Simon Blackwood Fine Arts
Restoration refers to the removal of surface dirt and discoloured varnish layers, the treatment of the support (canvas/wood/paper), the replacement of missing portions imitating the original by the sympathetic use of similar pigments, or building up fragments of sculpted or moulded areas of an artwork.
A good restorer will make sure that all techniques used in the restoration process are reversible and that any retouching is limited to the specific areas of paint loss or support damage.
To understand the processes involved in restoring an oil painting, it is necessary to know about the processes and materials used in making one.
Oil painting, as we now know it, was fully developed by the 15th century, arguably defined by the work of Jan Van Eyck.
Oil painting offers many advantages to the artist. Strong depth of colour, luminosity and tone can be achieved and blending these colours and tones is easier than with tempera or fresco mediums. The painting can be built up in transparent or semi-transparent glazes, emulating some of the advantages of watercolour.
It can also be totally opaque, thus unwanted areas can be covered over easily or used as the base colour for subsequent glazes. After grinding, the pigment is bound with various types of oil (e.g. linseed/poppy) and can be diluted and thinned with spirits – usually turpentine.
The types of support most commonly used for oil painting include wood panel, metal, paper, cardboard, composition board (similar to boards produced today by Daler and Windsor & Newton) and canvas. Each one offers different advantages for the artist and equally requires different procedures for the restorer. The principle is similar with most, to provide a stable support to which the suspended pigment will readily adhere. Wood panels coated in gesso were used earlier, with their smooth almost glass-like finish, possibly emulating the texture of fresco wall paintings.
Artists moving on to use canvas, partly because of its obvious size potential, initially tried to emulate this lack of texture with glues and gesso. The textural weave of canvas later became popular and was used to great advantage by artists such as Titian. Eventually gesso was replaced by lead white primers.
Whilst all these advantages and more offer huge scope for the artist to experiment they can leave a minefield for the restorer and in some cases have caused the rapid deterioration of the artist's work. For example, Joshua Reynolds had to repair some of his own paintings which were the results of such experiments.
The use of certain minerals and other experimental substances to create "effects" has also become renowned for obliterating whole areas of an image in a relatively short time – notably the use of bitumastic as a glaze during the 19th century which temporarily created an attractive "amber glow" but which later turned black and formed fissures and lumps like the surface of the moon.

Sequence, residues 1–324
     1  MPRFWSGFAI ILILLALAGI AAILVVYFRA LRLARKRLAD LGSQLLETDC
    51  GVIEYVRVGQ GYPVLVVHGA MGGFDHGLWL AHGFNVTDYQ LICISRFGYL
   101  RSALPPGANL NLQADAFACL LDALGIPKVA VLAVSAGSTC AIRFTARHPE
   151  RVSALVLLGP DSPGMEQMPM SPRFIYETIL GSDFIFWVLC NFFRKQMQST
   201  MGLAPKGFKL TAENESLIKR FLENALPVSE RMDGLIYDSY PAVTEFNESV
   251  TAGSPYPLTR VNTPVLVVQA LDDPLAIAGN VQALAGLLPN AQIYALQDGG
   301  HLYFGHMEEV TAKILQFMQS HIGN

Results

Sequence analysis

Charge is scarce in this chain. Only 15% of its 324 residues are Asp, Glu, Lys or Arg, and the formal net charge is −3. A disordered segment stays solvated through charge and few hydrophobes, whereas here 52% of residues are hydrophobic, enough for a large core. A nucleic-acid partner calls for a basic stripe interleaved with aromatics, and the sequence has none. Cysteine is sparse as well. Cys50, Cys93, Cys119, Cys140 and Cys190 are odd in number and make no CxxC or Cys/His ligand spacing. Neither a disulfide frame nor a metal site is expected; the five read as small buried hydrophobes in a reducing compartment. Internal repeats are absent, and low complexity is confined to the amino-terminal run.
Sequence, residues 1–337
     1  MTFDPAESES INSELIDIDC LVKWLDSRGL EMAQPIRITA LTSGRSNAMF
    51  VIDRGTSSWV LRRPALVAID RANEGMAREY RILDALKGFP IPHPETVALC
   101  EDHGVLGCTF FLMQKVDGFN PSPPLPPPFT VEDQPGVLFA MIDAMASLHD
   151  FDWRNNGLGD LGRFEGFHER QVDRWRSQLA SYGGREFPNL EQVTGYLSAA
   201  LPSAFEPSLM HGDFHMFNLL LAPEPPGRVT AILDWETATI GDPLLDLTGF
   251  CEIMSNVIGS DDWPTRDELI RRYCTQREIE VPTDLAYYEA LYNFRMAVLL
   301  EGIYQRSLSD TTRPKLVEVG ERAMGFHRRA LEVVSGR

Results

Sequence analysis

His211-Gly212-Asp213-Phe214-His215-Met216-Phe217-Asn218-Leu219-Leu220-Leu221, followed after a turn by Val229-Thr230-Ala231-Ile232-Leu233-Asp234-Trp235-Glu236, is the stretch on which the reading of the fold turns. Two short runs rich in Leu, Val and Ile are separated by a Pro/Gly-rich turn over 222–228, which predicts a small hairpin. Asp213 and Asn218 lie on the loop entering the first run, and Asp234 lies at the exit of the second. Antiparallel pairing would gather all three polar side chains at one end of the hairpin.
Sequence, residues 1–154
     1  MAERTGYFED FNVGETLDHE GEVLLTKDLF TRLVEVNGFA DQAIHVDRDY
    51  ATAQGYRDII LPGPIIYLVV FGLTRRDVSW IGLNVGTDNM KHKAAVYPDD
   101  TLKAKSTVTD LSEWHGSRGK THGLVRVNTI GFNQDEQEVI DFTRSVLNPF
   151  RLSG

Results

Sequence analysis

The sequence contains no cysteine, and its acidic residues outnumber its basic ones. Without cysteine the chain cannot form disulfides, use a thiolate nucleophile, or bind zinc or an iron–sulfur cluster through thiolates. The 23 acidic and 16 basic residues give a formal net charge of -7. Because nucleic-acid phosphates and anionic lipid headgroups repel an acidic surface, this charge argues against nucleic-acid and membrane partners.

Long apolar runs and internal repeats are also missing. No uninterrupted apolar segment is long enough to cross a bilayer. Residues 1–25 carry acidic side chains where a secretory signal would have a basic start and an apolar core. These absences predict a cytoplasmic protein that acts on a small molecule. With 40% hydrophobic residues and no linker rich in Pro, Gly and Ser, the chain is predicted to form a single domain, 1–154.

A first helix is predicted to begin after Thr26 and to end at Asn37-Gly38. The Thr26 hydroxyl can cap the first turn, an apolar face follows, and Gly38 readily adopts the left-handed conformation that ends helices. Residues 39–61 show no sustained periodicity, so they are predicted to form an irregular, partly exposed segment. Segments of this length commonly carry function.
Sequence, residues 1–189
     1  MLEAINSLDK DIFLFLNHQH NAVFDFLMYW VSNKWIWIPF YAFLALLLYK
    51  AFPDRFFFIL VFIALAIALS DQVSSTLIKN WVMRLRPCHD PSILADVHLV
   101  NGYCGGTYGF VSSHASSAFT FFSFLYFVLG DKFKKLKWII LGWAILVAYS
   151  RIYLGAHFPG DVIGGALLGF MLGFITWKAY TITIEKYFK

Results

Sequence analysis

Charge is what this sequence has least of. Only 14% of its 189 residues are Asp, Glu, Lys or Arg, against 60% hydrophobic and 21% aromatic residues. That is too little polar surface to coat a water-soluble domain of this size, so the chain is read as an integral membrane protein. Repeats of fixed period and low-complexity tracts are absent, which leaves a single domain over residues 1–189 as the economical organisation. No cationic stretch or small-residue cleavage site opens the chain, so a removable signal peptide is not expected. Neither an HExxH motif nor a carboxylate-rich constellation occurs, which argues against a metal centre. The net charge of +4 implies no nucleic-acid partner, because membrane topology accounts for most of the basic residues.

Others like the pigment base "chrome yellow", used extensively by Vincent Van Gogh, discolour with age and others lose their "light fastness" or are considered "fugitive" – meaning that they fade and sometimes disappear completely. But on the whole oil paintings are more robust in this respect than water-based media.
The results of good restoration often seem miraculous, especially as the owner of a painting may never have seen it in anything like its original state.
Even over a period of 25 to 50 years the accumulative effect of age and discolouration by air-borne and atmospheric agents is often imperceptible to the untrained eye. "Cleaning" is a process of carefully identifying the cause of any deterioration or discolouration and then removing or treating these layers, replacing missing pigments or structural supports and preserving the original (see "Does it need Restoring?"). The skill of the restorer is not only to understand the techniques and media used by the artist whilst having a breadth of experience in the use of solvents and chemicals of the trade, but also to nurture an appreciation of and ability to recognise what beauty lies beneath the veils of many years of neglect or adverse conditions. These "adverse conditions" can simply be the normal domestic conditions which most of us live in or places where works of art have been stored away for the future. Central heating, open fires, condensation, fluctuations in temperature, exposure to direct sunlight are examples of some of the conditions which can cumulatively create the need for restoration. The techniques used by different artists may themselves be the cause of deterioration as he or she experiments whilst trying to achieve the desired painterly effect. The job of the restorer is always to preserve and maintain the art object as close to the original state as possible for as long as possible with the aid of experience, skill and scientific knowledge.